advertisement
Home » News » Panic Attacks Hinder Diabetics

Panic Attacks Hinder Diabetics

Psychosocial issues accompanying the diagnosis of diabetes may compromise an individual’s ability to manage the disease leading to more severe health complications and a poorer quality of life. Early identification and treatment of psychological issues such as panic disorder, depression, anxiety and personality disorders that may accompany the diagnosis of a chronic disease can significantly improve quality of life.

Panic Attacks Hinder Diabetics Lead author Evette Ludman, Ph.D., a researcher with Group Health Cooperative in Seattle, said her group’s previous work showed depression was associated with more poorly controlled glucose, more diabetes symptom, and lower functioning. “But because panic and depression so often go hand in hand, we weren’t certain that patients who have panic, independent of depression, would also have with these indicators.”

For the new study, which appears in the November issue of General Hospital Psychiatry, a survey was mailed to 4,385 patients with diabetes. Of those participants, 193 (4.4 percent) reported having panic episodes that caused a definite change in behavior. Among the 193 patients, 54.5 percent also had symptoms of depression.

Respondents were asked about recent panic or fear “spells” and if these feelings forced them to change their behavior. Participants were also given questionnaires that measured their diabetes symptoms as well as their level of functioning and disability.

Of those with panic disorder, the average HbA1c levels — a measure of long-term glucose control — were 8.1 percent compared with 7.7 percent for those without panic episodes. (Usual treatment goal is to keep levels below 7 percent.) Also, those with panic episodes reported having an average of 4.2 diabetes symptoms compared with 2.4 symptoms in those without panic.

Panic disorder is characterized by recurrent panic attacks, followed by persistent worry about having another attack.

The authors say that panic symptoms might be a consequence of diabetes itself. Panic episodes may contribute to poor outcomes by interfering with self-care and patients’ ability to follow their treatment regimens.

The authors and diabetes experts agree that if physicians treating patients with diabetes can better recognize and treat the symptoms of panic episodes and depression, they can improve the patients’ quality of life.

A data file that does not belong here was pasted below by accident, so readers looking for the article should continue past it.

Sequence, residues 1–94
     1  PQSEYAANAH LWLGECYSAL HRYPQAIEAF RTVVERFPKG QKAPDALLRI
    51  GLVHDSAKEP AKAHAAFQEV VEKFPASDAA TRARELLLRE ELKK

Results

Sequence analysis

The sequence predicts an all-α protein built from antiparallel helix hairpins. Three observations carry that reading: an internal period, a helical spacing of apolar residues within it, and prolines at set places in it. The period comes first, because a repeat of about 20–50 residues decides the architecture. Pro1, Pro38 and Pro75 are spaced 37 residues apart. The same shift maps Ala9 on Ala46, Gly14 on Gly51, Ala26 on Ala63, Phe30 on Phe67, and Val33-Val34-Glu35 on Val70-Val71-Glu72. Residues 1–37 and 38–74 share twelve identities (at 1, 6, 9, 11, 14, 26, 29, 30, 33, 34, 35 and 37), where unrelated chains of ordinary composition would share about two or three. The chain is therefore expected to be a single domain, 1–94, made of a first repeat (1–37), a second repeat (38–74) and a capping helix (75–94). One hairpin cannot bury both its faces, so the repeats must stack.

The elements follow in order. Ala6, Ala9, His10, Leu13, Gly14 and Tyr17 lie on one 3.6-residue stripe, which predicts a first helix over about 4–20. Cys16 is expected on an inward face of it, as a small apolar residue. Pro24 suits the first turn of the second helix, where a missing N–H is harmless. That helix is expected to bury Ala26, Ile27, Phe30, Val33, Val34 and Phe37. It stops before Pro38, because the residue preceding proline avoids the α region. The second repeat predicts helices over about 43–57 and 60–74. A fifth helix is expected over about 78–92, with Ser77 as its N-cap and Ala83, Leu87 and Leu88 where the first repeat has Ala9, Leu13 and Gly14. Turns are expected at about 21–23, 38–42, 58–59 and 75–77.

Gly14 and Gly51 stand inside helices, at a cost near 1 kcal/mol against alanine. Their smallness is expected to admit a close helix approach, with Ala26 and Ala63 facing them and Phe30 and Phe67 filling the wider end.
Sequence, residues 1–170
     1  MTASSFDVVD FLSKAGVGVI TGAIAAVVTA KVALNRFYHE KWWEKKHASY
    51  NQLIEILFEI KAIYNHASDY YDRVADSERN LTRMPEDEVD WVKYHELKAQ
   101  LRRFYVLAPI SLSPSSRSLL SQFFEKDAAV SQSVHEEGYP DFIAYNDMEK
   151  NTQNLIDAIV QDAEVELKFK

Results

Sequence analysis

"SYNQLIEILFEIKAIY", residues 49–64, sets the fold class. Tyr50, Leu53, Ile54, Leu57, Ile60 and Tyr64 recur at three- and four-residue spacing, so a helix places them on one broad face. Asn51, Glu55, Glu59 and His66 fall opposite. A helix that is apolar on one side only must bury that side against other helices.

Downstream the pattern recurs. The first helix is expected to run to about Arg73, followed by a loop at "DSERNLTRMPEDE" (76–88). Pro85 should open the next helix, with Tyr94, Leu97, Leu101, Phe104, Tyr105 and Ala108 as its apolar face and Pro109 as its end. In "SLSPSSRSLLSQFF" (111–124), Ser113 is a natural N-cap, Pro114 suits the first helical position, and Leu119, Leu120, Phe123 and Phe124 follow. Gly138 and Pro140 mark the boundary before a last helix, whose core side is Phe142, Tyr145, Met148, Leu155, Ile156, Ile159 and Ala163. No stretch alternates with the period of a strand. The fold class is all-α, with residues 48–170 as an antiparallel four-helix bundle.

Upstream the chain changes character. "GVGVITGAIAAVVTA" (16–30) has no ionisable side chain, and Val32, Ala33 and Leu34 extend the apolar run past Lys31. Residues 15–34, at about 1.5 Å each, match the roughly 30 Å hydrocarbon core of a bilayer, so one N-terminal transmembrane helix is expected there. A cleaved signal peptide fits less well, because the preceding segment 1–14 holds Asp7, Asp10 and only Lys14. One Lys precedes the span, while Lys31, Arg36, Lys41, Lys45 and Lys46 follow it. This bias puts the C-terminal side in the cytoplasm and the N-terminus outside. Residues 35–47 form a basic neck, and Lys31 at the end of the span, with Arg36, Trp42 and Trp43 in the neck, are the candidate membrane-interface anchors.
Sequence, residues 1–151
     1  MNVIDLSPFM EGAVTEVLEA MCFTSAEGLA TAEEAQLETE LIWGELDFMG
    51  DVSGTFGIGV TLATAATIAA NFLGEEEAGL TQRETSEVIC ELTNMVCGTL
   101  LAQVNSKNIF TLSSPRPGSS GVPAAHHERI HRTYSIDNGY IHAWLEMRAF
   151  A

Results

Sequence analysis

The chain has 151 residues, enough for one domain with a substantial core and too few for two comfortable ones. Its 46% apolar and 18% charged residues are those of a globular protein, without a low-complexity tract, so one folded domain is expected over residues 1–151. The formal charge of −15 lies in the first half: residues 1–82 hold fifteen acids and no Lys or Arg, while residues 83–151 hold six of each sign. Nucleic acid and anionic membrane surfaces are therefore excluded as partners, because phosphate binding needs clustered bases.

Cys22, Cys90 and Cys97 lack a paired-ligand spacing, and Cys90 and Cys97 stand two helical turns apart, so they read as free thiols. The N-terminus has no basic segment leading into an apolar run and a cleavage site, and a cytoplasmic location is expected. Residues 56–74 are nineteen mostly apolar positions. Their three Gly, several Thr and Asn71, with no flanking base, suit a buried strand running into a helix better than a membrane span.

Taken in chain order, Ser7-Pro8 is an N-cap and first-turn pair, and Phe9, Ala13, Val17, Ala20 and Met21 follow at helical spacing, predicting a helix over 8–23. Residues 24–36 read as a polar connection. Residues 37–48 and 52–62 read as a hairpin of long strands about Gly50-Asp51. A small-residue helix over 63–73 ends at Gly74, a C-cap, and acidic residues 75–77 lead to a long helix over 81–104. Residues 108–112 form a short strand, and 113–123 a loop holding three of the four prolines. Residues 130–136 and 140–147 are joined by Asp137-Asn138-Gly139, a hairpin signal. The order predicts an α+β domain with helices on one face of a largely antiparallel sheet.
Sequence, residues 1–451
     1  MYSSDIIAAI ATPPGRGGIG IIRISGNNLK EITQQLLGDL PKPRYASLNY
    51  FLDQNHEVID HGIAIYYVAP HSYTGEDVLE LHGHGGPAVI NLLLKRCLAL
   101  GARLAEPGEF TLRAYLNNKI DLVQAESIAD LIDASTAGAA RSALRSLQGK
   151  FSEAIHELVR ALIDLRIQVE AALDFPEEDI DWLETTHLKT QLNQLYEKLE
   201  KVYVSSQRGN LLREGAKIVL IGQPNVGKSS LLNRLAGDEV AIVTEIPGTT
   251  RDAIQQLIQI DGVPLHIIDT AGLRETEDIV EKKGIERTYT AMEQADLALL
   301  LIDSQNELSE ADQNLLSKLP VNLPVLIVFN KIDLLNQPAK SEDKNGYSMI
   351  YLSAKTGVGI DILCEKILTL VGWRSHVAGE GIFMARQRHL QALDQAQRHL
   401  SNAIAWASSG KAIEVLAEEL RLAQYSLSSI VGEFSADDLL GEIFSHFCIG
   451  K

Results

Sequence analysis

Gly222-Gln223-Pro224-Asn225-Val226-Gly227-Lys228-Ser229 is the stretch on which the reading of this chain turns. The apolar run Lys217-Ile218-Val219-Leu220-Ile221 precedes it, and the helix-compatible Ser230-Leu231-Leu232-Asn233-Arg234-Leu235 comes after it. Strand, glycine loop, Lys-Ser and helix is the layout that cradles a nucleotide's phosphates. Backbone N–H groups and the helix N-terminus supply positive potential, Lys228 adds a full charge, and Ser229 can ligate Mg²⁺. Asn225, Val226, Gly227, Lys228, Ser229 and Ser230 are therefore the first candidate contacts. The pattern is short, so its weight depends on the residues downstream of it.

“I think most careful clinicians have noted that there are patients who do not cope well with their diabetes and have a variety of neuropsychosocial issues including panic disorder, depression, anxiety and personality disorders,” said John Buse, M.D., division chief of the Diabetes Center at University of North Carolina at Chapel Hill. “The key really is to very carefully assess patients who are not doing well in their management of diabetes or other chronic illness.”

Source: Health Behavior News Service

Panic Attacks Hinder Diabetics

Rick Nauert PhD

Rick Nauert, PhDDr. Rick Nauert has over 25 years experience in clinical, administrative and academic healthcare. He is currently an associate professor for Rocky Mountain University of Health Professionals doctoral program in health promotion and wellness. Dr. Nauert began his career as a clinical physical therapist and served as a regional manager for a publicly traded multidisciplinary rehabilitation agency for 12 years. He has masters degrees in health-fitness management and healthcare administration and a doctoral degree from The University of Texas at Austin focused on health care informatics, health administration, health education and health policy. His research efforts included the area of telehealth with a specialty in disease management.

APA Reference
Nauert PhD, R. (2015). Panic Attacks Hinder Diabetics. Psych Central. Retrieved on August 15, 2018, from https://psychcentral.com/news/2006/11/17/panic-attacks-hinder-diabetics/417.html

 

Scientifically Reviewed
Last updated: 6 Oct 2015
Last reviewed: By John M. Grohol, Psy.D. on 6 Oct 2015
Published on PsychCentral.com. All rights reserved.